• Because there is a question about the applicability of the “no good deed goes unpunished” axiom to accommodation requests. Does the fact that an employer allows some employees to telecommute under other circumstances (e.g., defined days) mean the employer must allow others to telecommute in other, less defined circumstances (e.g., up to four days weekly). See blog post here.

And so ends this fifth Ford post. Looking forward to the en banc decision and the sixth post.

“Significant Evidence of Untruthfulness” During FMLA Leave Gives Employer “Honest Belief” to Terminate Plaintiff

Thanks to our colleague Alison Jacobs Wice for this post

Add another FMLA victory for an employer who terminated a plaintiff based on its “honest belief” that the plaintiff was misusing FMLA leave.  The U.S. Court of Appeals for the 10th Circuit affirmed summary judgment for the employer on the plaintiff’s FMLA interference claim. Dalpiaz v. Carbon County Utah (10th Cir. July 25, 2014).

Following a motor vehicle accident, the plaintiff, a benefits administrator, went on leave. Despite her employer’s repeated requests that she submit the FMLA health care certification, the plaintiff finally produced it, some two months after the employer’s first request.  Following her block of leave, she returned to modified work, working two hours daily, twice per week.

While the plaintiff was on leave and while on modified duty, her co-workers and some  community members reported that she was engaging in activities that seemed inconsistent with her reported injuries and limitations: “playing football with her children, working in her yard, and assisting her children with costume changes and other tasks at lengthy dance rehearsals and recitals.” Numerous employees submitted written statements concerning their observations of plaintiff’s activities.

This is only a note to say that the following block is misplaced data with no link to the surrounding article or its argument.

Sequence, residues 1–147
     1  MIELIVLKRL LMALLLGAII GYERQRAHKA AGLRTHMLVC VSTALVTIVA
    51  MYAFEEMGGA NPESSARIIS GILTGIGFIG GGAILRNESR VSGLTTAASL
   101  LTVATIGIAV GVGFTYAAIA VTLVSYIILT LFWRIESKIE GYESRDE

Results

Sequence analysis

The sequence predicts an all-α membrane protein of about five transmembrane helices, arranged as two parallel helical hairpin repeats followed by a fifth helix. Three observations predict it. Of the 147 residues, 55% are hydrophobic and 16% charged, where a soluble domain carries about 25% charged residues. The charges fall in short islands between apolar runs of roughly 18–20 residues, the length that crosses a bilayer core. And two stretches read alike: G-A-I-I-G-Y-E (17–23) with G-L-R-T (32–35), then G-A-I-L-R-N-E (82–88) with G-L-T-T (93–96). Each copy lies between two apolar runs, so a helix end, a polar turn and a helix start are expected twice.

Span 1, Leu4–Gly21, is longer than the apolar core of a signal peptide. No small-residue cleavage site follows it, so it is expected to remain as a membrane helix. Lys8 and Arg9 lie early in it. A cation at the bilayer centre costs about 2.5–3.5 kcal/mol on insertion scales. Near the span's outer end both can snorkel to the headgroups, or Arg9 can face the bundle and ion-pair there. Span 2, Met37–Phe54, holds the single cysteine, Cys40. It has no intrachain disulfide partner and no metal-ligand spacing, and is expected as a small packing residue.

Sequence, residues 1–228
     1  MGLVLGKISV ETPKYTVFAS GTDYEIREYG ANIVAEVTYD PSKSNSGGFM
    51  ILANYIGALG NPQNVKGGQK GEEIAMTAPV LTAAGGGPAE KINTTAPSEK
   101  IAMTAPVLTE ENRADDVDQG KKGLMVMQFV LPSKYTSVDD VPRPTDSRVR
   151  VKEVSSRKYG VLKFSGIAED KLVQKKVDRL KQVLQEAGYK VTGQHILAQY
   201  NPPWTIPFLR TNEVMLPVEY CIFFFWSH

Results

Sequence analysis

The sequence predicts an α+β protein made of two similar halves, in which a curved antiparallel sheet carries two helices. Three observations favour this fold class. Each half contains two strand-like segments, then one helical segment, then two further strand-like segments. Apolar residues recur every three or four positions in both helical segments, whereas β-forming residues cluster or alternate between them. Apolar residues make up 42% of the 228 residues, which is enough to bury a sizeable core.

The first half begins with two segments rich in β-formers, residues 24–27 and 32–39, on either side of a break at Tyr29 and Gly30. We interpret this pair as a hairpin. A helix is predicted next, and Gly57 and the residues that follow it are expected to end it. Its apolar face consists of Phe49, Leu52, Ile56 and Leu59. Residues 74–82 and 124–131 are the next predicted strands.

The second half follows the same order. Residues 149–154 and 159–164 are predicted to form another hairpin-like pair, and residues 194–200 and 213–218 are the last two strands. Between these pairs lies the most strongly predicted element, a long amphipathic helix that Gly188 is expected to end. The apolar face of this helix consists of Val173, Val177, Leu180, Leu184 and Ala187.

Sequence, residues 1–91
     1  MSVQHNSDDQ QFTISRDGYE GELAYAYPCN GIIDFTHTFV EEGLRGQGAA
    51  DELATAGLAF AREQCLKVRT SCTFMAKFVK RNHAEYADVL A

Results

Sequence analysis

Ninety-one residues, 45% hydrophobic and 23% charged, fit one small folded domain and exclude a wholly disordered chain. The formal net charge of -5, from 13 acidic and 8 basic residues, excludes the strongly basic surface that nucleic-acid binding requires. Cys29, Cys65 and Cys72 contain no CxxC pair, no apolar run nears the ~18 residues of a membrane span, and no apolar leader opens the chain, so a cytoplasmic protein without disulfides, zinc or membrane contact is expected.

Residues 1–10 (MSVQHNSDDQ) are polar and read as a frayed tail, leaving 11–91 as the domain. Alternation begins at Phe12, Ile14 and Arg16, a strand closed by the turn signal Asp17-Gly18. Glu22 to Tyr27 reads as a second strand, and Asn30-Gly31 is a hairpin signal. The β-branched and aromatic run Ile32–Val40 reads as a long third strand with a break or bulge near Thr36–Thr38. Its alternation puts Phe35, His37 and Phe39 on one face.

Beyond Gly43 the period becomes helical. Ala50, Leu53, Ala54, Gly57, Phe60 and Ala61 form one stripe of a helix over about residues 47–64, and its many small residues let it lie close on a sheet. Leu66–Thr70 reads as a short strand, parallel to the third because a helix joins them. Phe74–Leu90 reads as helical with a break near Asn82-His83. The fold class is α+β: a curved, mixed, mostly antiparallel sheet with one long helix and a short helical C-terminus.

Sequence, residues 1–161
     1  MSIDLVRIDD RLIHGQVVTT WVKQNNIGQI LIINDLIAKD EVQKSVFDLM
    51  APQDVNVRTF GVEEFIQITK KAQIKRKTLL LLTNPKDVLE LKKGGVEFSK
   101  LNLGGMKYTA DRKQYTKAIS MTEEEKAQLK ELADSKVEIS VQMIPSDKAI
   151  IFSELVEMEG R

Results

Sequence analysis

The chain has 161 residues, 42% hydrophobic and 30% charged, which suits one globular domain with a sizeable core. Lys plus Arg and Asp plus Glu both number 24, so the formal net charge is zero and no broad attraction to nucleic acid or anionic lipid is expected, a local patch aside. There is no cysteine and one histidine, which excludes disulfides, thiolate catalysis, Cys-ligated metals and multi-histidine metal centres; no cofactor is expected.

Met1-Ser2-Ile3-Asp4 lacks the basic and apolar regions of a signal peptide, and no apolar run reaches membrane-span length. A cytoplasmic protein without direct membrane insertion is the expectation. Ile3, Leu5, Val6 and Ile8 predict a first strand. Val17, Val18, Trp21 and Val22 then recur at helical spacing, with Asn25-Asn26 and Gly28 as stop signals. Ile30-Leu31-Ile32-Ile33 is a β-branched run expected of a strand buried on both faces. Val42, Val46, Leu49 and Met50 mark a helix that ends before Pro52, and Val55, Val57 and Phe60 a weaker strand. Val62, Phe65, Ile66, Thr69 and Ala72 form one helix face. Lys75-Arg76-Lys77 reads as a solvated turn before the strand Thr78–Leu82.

Based on these reports, the employer directed the plaintiff to undergo an independent medical exam (IME) to confirm that she had been entitled to FMLA. After repeated requests, plaintiff reported that she was unable to schedule the IME because it required a doctor’s referral. The employer terminated her employment.

Rejecting the plaintiff’s FMLA interference claim, the Tenth Circuit held that an “indirect link” between the reason for termination and FMLA is not enough to sustain such a claim. Although the subject matter of the paperwork plaintiff failed to timely return and the IME she failed to take concerned FMLA, it was the failures on which the employer based its action, not the content of the notices and request, the court noted. Responding to the plaintiff’s arguments that some of the witness reports were untrue, the court said: